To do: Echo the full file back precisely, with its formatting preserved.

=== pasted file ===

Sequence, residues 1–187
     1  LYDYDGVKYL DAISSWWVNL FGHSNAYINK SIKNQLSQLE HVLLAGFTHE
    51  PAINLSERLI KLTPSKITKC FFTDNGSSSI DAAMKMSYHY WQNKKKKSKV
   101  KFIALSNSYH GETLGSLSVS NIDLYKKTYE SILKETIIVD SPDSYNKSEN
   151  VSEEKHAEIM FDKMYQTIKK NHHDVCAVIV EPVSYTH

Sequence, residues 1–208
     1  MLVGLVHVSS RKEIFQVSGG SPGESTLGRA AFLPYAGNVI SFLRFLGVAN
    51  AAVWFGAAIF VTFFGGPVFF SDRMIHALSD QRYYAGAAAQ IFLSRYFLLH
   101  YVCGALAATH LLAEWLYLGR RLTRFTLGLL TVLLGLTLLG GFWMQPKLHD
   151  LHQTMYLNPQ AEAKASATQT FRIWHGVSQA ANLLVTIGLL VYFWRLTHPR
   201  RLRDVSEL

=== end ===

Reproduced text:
Sequence, residues 1–187
     1  LYDYDGVKYL DAISSWWVNL FGHSNAYINK SIKNQLSQLE HVLLAGFTHE
    51  PAINLSERLI KLTPSKITKC FFTDNGSSSI DAAMKMSYHY WQNKKKKSKV
   101  KFIALSNSYH GETLGSLSVS NIDLYKKTYE SILKETIIVD SPDSYNKSEN
   151  VSEEKHAEIM FDKMYQTIKK NHHDVCAVIV EPVSYTH

Sequence, residues 1–208
     1  MLVGLVHVSS RKEIFQVSGG SPGESTLGRA AFLPYAGNVI SFLRFLGVAN
    51  AAVWFGAAIF VTFFGGPVFF SDRMIHALSD QRYYAGAAAQ IFLSRYFLLH
   101  YVCGALAATH LLAEWLYLGR RLTRFTLGLL TVLLGLTLLG GFWMQPKLHD
   151  LHQTMYLNPQ AEAKASATQT FRIWHGVSQA ANLLVTIGLL VYFWRLTHPR
   201  RLRDVSEL